The current headlines about Walmart paying bribes in Mexico to obtain building permits has overshadowed (and tarnished) an important announcement the company made last week: the release of its 2012 Global Responsibility Report. The scope of the report is so broad — including initiatives related to the environment, diversity, associates, global supply chain, health and safety, and corporate giving — that it’s impossible to summarize it all here. Instead, I will focus on a couple of topics that caught my attention.
First, Walmart improved the efficiency of its private fleet by almost 69 percent last year compared to its 2005 baseline. Here is an excerpt from the report:
Throughout our network, we delivered 65 million more cases, while driving 28 million fewer miles, by increasing our pallets per trailer and better managing our routes [emphasis mine]. The heavier loads have minimal impact on our fuel-efficient equipment, which includes an average tractor age of three years and the addition of more than 13,000 skirted trailers. Our network efficiency improvement equates to avoiding nearly 41,000 metric tons of CO2 emissions, the equivalent of taking about 7,900 cars off the road.
Reading this reminded me of the significant transportation savings and sustainability benefits Del Monte Foods has achieved by increasing its trailer utilization via packaging changes and other initiatives (see “Del Monte Foods: Packaging, Transportation, and Sustainability”). Another example is IPC-Subway, which was awarded 2nd Place honors at CSCMP’s 2010 Supply Chain Innovation Award competition (along with its logistics partner CH Robinson) for its “Green Logistics” initiatives that also included a focus on improving trailer capacity utilization.
Optimizing the utilization of trailer capacity (as well as containers and other conveyances) is one of those “white spaces of TMS” that I wrote about several years ago. Here is an excerpt from that 2009 posting:
An aspect of transportation management that isn’t very sexy and doesn’t get much attention, but in my mind is probably one of the most critical aspects of the process, is load planning and containerization. You have an asset (a trailer or a container) and you have some product that you need to load into that asset (cases, pallets, drums, rods, you name it). On the surface, this seems like a trivial task, but there’s actually a lot of complexity in doing this right. You have to take all sorts of factors into consideration: weights, dimensions, densities, stackability constraints, compatibility constraints, etc. (which implies you need accurate data for these factors, a problem in itself). Also, these factors vary by product and conveyance. The net result is that many “full truckloads” today are actually only 80-85 percent full, and some of this “leakage” is caused by poor load planning. Improving load factors by 5 or 10 points could lead to significant cost savings (e.g. fewer shipments or equipment required).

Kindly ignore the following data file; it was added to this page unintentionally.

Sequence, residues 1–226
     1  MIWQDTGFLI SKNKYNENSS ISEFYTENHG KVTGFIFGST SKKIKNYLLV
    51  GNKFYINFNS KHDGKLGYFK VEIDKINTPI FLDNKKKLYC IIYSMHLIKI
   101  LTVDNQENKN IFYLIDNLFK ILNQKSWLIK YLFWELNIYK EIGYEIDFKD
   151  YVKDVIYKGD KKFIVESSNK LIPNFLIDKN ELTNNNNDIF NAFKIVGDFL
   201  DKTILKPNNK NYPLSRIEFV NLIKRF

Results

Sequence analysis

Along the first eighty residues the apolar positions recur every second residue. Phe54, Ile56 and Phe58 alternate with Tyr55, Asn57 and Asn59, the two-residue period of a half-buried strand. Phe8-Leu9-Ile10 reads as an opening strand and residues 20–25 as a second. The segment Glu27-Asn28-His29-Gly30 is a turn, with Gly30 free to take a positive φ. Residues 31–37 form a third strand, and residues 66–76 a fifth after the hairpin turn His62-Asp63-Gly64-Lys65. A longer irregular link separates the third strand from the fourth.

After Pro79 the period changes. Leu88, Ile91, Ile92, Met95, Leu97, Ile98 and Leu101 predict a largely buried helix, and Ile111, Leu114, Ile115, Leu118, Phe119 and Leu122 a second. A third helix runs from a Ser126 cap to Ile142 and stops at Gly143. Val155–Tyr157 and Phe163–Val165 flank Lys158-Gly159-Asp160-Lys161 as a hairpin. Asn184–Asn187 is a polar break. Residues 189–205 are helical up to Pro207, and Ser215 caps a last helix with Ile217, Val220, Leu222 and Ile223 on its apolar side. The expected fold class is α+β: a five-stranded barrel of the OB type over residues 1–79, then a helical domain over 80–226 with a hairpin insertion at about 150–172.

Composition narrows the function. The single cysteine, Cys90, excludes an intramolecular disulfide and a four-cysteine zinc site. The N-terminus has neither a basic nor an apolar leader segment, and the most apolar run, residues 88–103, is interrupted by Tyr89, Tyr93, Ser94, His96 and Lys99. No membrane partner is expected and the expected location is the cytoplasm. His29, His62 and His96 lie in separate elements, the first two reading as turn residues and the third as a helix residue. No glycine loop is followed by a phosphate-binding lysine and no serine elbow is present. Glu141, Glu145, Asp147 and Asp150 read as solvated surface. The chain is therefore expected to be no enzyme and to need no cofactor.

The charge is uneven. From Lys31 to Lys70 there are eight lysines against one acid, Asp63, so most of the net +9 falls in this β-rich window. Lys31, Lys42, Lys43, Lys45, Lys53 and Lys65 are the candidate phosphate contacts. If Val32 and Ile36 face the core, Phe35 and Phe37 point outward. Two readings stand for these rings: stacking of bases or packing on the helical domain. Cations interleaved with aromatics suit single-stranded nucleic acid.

In terms of better managing routes, continued enhancements in routing and scheduling software, coupled with advancements in GPS and mobile technologies, are making this possible.
Another “low hanging fruit” opportunity for companies to reduce transportation costs — which always seems to stay on the tree no matter how much we talk about it — is eliminating empty backhauls. Walmart reported success in this area too, specifically in Mexico:
Over the past five years, our transportation department in Mexico has demonstrated continued improvement in the area of efficiency. In 2011 alone, our focus on backhauls, the practice of picking up a load from a vendor and delivering to our distribution centers (DC), rather than running an empty truck between our store and DC, saved more than 56,000 trips. Combined with other initiatives across our transportation department, we saved more than 86,600 trips and nearly 3.2 million miles, while avoiding 4,878 tons of CO2 emissions.
And Walmart continues to test a variety of fleet technologies, such as hybrid assist tractors and liquid natural gas trucks (see the report for more details).
The other item in the report that caught my attention was a small call-out box on page 41 on “Subcontracting”:
Undisclosed subcontracting is defined as factories in our supply chain that produce merchandise or component items for Walmart in a facility that is improperly disclosed and/or unknown to Walmart. There are signs that this practice may be on the rise in countries including, but not limited to, Indonesia, China and Pakistan. The potential impact of undisclosed subcontracting is that illegal and unethical practices can be more easily hidden. To more effectively monitor undisclosed subcontracting, we have taken steps to enhance our Standards for Suppliers, audit reporting and training processes.
This is arguably the biggest supply chain problem all companies face, which directly affects everything from quality, to the ability to respond to recalls effectively, to having timely and accurate visibility to supply chain activities, to creating a safe and secure supply chain. Fix this one problem and you fix many others. Except, of course, bribery issues.